U.S. Debt Warning Doesn’t End the Stalemate

Financial markets aren’t clamoring for a budget deal, and may not like it when it finally comes.


So, the deterioration in the U.S. fiscal position has become so severe that even the ratings agencies have taken notice. It remains doubtful, however, that Washington will take prompt action – or that Wall Street and foreign creditors would like the result if and when the U.S. does act.

Monday’s decision by Standard & Poor’s Corp. to revise down its outlook on the U.S.’s AAA credit rating, to negative, was remarkable only for its timing. If the U.S. were not the world’s sole superpower and issuer of the main global reserve currency, S&P arguably would have acted sooner – say, nearly two years ago, when the agency put a negative outlook on the U.K. because of its budget deficit, which at just over 10 percent of GDP mirrors that of the U.S. The move also comes as the Obama administration and Congressional Republicans prepare to battle over an increase in the U.S. debt ceiling, which must be approved by July to avert default.

There was no small amount of irony in the announcement. After all, the U.S. government ramped up borrowing largely to prevent an economic collapse after the financial crisis, an event that S&P and other ratings agencies helped propagate. “Back in 2006-07, when S&P was busily AAA-rating sub-prime garbage, the subsequent surge of U.S. debt issuance was made inevitable by the stupidity, greed and corruption of the rating agencies – and the Wall Street types and international investors who believed, or pretended to believe, them,” says Charles Dumas, chairman of Lombard Street Research in London.

Plenty of others have also been warning about the unsustainability of the U.S. deficit and debt trends. The International Monetary Fund last week called on Washington to “accelerate the adoption of credible measures to reduce debt ratios.” Carlo Cottarelli, director of the fund’s Fiscal Affairs Department, noted that while most major countries have adopted austerity programs to reduce their deficits, the budget deal agreed by the administration and Congress in December actually increases U.S. red ink.

Bond market guru Bill Gross last month warned of a soft “default” – via inflation or a weaker dollar – unless the U.S. gets entitlement spending under control. “It was much more important to me as an investor that PIMCO’s Bill Gross was out of Treasuries a month ago (and indeed, is short) than what S&P says,” Barry Ritholtz, head of Fusion IQ, wrote on his financial blog, The Big Picture.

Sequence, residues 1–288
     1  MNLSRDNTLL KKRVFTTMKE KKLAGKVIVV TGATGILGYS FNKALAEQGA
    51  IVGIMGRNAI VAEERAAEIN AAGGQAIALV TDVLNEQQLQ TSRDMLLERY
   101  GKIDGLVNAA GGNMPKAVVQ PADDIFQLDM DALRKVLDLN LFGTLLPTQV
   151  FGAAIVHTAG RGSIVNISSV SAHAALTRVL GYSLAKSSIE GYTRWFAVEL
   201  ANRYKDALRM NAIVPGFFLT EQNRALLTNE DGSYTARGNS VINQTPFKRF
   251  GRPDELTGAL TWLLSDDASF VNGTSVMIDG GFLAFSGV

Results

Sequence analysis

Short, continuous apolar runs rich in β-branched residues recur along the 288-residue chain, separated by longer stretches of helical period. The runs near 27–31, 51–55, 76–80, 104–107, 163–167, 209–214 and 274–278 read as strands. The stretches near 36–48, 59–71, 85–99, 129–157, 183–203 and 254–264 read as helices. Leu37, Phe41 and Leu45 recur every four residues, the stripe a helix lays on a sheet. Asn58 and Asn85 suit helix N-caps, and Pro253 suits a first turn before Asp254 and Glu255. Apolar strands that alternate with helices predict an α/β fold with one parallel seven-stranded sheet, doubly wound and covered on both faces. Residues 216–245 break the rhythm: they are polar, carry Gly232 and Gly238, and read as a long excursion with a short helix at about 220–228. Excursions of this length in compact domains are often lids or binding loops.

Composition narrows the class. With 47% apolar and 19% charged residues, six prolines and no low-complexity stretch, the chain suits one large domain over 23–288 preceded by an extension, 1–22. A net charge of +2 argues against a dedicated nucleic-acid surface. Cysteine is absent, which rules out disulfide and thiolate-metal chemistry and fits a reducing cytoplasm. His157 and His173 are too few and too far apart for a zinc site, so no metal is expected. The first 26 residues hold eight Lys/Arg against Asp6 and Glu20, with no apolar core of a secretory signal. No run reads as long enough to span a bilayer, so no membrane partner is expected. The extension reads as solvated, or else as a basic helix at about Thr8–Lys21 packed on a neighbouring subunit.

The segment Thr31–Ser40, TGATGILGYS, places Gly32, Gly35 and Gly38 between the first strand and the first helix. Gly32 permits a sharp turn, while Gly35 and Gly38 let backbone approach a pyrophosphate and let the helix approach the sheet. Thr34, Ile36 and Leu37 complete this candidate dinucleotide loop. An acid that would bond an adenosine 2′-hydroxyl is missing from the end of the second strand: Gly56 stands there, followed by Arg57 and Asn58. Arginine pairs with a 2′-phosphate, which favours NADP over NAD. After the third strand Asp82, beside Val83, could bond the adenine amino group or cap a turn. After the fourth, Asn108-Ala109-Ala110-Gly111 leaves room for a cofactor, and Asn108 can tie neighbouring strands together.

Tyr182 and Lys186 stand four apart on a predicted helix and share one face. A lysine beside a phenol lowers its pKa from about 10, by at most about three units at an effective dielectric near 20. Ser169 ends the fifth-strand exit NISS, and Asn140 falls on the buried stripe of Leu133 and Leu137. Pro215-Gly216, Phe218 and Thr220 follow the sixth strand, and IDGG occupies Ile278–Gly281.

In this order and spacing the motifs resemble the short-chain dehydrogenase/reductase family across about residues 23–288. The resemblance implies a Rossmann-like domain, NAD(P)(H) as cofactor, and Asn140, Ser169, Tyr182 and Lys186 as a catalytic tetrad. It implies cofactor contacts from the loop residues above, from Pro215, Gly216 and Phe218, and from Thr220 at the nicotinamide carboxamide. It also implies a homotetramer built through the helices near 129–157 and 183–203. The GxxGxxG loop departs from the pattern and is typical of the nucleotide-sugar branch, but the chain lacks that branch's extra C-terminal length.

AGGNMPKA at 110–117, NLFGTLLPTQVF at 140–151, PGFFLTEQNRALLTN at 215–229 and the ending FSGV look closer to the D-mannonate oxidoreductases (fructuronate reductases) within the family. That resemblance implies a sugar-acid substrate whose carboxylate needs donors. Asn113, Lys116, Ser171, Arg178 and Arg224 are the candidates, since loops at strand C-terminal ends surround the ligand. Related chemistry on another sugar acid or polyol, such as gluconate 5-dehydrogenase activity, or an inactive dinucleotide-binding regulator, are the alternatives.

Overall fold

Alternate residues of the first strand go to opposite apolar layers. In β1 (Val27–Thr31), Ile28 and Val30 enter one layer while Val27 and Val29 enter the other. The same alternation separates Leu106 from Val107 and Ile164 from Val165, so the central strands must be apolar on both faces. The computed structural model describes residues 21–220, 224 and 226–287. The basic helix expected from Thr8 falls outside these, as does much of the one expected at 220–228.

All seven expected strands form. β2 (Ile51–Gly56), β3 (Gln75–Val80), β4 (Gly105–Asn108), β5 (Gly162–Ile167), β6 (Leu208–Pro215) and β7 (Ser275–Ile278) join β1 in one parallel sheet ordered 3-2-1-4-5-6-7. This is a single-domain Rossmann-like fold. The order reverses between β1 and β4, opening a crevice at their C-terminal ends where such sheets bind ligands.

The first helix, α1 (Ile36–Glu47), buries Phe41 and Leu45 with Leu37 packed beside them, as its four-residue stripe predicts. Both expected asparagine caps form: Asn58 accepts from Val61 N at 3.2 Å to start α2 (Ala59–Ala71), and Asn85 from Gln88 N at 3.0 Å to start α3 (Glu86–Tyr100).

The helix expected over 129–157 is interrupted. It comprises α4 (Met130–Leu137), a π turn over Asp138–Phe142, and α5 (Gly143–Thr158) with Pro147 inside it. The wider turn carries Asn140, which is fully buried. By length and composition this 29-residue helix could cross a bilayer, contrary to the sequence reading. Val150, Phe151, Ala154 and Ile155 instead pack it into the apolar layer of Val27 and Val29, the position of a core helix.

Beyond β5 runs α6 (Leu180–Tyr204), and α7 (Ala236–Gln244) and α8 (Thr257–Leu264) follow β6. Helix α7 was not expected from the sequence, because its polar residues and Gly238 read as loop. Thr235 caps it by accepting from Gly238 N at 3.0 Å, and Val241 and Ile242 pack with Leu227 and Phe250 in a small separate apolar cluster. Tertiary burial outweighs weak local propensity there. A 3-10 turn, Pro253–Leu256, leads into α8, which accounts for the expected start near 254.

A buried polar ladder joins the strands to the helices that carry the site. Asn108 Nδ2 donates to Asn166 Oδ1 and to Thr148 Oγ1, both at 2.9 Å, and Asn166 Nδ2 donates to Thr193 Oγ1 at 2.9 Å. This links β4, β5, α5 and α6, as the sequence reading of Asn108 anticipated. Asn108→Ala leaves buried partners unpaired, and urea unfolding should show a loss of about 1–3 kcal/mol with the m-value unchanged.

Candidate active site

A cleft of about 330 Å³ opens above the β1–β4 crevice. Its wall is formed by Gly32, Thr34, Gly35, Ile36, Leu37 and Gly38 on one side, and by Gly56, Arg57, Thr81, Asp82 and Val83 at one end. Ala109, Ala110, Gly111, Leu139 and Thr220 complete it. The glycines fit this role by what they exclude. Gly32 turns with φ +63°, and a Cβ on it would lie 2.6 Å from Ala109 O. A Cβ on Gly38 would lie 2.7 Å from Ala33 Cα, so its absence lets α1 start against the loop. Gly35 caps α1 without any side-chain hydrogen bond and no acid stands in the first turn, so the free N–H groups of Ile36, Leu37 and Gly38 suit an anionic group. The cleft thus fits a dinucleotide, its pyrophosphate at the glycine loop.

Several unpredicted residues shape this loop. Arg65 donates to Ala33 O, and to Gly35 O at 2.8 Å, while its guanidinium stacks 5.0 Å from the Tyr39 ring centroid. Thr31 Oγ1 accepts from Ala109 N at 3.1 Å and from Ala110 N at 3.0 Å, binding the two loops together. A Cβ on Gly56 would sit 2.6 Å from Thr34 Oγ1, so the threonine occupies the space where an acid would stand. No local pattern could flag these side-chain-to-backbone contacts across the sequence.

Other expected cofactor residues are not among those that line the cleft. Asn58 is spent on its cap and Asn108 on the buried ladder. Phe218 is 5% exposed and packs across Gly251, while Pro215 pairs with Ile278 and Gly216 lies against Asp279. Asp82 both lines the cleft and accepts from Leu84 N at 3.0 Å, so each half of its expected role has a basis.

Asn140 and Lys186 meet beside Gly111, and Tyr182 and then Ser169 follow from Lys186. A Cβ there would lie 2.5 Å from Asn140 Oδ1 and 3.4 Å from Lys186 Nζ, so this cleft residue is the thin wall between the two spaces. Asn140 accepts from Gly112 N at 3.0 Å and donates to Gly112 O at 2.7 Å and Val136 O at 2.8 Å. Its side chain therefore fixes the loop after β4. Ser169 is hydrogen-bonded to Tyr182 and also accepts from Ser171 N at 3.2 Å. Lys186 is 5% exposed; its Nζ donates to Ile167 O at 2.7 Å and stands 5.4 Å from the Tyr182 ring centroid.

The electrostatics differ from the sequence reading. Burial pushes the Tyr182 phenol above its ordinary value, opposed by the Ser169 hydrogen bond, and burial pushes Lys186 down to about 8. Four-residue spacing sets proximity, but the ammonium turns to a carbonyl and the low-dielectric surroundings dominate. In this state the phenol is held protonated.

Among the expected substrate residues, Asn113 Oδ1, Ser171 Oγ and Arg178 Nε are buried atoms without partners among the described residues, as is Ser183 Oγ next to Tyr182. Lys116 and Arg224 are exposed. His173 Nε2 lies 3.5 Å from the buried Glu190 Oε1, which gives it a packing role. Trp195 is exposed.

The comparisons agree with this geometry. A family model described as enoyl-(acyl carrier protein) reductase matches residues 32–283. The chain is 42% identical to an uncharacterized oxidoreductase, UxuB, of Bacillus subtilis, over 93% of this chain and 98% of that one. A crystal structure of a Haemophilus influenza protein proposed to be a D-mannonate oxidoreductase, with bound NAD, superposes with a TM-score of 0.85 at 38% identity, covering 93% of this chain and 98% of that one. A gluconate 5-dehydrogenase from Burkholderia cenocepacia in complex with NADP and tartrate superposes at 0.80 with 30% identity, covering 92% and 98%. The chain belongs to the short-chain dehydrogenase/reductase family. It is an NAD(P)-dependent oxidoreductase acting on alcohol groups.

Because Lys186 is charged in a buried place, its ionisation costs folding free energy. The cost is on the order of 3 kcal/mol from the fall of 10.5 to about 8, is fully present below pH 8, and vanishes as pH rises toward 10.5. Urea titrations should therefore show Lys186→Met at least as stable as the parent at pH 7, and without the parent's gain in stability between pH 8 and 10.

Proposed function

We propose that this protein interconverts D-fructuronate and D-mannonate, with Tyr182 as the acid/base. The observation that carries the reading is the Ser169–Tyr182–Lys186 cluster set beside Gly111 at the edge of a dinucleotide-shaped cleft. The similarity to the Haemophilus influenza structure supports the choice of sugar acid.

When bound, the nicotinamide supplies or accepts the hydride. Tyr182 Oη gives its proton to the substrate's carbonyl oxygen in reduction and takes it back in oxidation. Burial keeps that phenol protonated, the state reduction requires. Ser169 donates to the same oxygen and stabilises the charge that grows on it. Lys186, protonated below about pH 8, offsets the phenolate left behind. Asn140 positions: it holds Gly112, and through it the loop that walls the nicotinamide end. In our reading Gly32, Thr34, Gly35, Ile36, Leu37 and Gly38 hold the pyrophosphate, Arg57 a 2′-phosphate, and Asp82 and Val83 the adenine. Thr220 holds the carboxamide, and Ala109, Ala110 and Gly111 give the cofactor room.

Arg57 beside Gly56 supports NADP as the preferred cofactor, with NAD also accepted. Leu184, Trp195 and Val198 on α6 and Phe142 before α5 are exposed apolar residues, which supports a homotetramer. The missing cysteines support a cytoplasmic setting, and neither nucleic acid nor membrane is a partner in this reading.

Still, the S&P move is significant. It means that the government of the world’s largest economy and the issuer of the supposedly risk-free securities — U.S. Treasuries — that underpin the global credit markets is now the only one of 19 AAA-rate sovereigns to have a negative outlook. That implies a one-in-three chance that the U.S. will actually lose its vaunted rating within two years, which S&P says will happen unless Washington begins comprehensive deficit reduction by 2013.

Next year’s presidential election makes it unlikely that Washington will meet that timetable. Both sides of the political aisle have staked out starkly contrasting visions of the size and role of government. The Republican plan put forward by Representative Paul Ryan would slash discretionary federal spending and the Medicare health program for senior citizens and cut taxes on the wealthy, while President Obama seeks to preserve the government’s role by combining more modest spending cuts with tax increases on the rich. It’s difficult to see how the two sides can bridge those differences and agree on anything more than token spending cuts ahead of the November 2012 election, Douglas Elmendorf, director of the nonpartisan Congressional Budget Office, told an IMF conference on fiscal policy last week.

For the moment, financial markets aren’t pressing for a quick budget deal. The yield on the Treasury’s benchmark 10-year bond actually fell a few basis points in the 24 hours after the S&P move, and remain historically low at 3.36 percent. One risk is that markets will lull politicians into complacency until it’s too late to avoid a crisis, effectively giving Washington enough rope to hang itself. Canada began to get its budget under control in the 1990s only after markets began forcing up interest rates, Benoît Robidoux, Canada’s assistant deputy Finance minister for economic and fiscal policy, told the IMF conference. “The markets tend to be good to you up to the end,” he said, “but the end will come.”

Another risk is that markets see U.S. austerity coming all too clearly. Consider that European countries have been tightening their budgets for the past year, but the region’s debt crisis appears to be worsening, not improving. Emerging market nations led by China have been tightening monetary and credit policies in a bid to contain inflation recently. In this climate, serious fiscal tightening by Washington could put a damper on global growth.

Lombard Street’s Dumas says real fiscal austerity would push the U.S. current account from deficit to surplus, hitting export-oriented countries like China the hardest. “The Americans are going to get rid of their deficits, because they have to. We did not need S&P to tell us that. As a result, the world economy will see a painful period of adjustment lasting several years, with America the only major country likely to enjoy moderately good growth.”